Course number: LAW 3740
COURSE DESCRIPTION AND OBJECTIVES
Public international law refers to the international legal system that governs the rights and obligations of states in their relations with one another, and increasingly, with non-state actors. This course provides a historically and theoretically reinforced examination of the doctrine, practices and institutions of public international law.
By the end of the course, students will be familiar with:
- The sources, bodies, and subjects of international law;
- The relationship between domestic law and international law;
- Student-selected thematic discussions on topics including (but not limited to) international human rights law, international environmental law, indigenous peoples, international criminal law, and use of force;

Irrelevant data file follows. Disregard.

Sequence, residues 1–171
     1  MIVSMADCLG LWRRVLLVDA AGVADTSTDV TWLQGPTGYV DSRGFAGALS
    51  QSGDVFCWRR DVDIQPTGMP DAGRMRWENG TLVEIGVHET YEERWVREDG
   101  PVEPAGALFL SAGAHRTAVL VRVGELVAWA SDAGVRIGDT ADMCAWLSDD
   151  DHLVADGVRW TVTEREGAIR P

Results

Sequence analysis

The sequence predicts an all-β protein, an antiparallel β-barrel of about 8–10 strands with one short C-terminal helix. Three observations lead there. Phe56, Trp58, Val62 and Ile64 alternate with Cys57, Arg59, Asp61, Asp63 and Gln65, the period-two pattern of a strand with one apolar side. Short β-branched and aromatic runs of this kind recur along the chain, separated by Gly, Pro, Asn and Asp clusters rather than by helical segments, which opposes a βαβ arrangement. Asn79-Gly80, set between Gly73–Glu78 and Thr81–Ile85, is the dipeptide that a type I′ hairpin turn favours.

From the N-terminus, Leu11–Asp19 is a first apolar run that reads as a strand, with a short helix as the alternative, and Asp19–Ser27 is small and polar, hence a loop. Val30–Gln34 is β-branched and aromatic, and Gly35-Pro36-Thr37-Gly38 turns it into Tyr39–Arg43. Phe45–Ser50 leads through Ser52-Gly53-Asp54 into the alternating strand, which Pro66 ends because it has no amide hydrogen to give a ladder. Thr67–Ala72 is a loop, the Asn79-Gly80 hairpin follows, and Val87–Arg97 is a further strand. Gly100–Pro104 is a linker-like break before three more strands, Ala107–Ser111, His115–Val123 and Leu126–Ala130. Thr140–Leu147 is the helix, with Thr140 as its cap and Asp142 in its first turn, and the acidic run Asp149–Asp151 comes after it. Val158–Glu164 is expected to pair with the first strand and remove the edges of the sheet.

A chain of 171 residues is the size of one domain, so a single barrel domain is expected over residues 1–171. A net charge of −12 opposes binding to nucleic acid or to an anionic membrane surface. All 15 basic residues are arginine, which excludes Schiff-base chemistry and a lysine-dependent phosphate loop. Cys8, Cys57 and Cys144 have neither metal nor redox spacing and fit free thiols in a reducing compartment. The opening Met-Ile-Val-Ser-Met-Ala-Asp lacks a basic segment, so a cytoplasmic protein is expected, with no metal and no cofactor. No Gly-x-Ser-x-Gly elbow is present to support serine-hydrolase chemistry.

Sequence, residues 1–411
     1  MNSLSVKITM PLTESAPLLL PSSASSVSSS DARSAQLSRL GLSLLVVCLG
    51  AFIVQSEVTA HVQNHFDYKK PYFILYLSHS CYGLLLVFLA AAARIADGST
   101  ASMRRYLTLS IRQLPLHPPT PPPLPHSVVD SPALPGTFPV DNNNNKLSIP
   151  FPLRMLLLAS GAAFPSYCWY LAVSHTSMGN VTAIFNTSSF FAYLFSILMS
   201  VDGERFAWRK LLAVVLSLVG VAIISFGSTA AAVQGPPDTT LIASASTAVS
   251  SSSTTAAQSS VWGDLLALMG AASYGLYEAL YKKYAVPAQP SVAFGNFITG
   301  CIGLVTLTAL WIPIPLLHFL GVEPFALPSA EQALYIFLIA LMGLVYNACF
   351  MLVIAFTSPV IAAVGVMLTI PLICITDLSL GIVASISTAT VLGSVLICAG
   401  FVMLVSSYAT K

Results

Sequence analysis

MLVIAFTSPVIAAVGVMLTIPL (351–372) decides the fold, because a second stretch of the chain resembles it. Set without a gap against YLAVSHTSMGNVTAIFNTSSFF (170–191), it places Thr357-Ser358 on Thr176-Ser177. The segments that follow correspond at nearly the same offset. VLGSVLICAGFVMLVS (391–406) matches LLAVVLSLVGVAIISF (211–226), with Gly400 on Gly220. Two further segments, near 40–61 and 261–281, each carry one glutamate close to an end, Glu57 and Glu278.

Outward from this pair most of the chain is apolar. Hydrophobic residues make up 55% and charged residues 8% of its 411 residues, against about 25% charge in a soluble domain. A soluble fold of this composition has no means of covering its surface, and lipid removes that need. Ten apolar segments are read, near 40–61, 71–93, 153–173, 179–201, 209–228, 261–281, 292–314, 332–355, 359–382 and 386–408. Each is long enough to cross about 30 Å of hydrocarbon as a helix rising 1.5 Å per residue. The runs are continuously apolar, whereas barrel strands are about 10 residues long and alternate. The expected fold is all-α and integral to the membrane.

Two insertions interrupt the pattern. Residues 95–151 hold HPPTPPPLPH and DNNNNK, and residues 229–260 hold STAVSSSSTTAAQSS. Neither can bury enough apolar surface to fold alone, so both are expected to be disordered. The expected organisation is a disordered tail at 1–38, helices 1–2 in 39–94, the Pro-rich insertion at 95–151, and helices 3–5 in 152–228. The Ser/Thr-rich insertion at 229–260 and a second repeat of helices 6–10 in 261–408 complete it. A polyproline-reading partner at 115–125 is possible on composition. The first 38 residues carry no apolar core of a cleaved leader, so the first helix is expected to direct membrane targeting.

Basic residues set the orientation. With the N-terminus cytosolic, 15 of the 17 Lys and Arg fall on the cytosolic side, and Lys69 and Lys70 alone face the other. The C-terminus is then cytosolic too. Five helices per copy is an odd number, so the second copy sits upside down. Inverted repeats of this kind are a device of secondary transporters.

- The realities and possibilities of an international legal career.
Public international law is a vast and diverse area of study beyond the scope of a single course. The course is designed to allow students to pursue their particular interests while acquiring a foundational understanding of the field. Evaluation will be based on a research paper (60%); class presentations (30%); and participation (10%).
John H. Currie et al, International Law: Doctrine, Practice & Theory, 2nd ed. (Toronto: Irwin Law, 2014). Available from UofM Bookstore and online access through UML.
INSTRUCTOR: Shauna Labman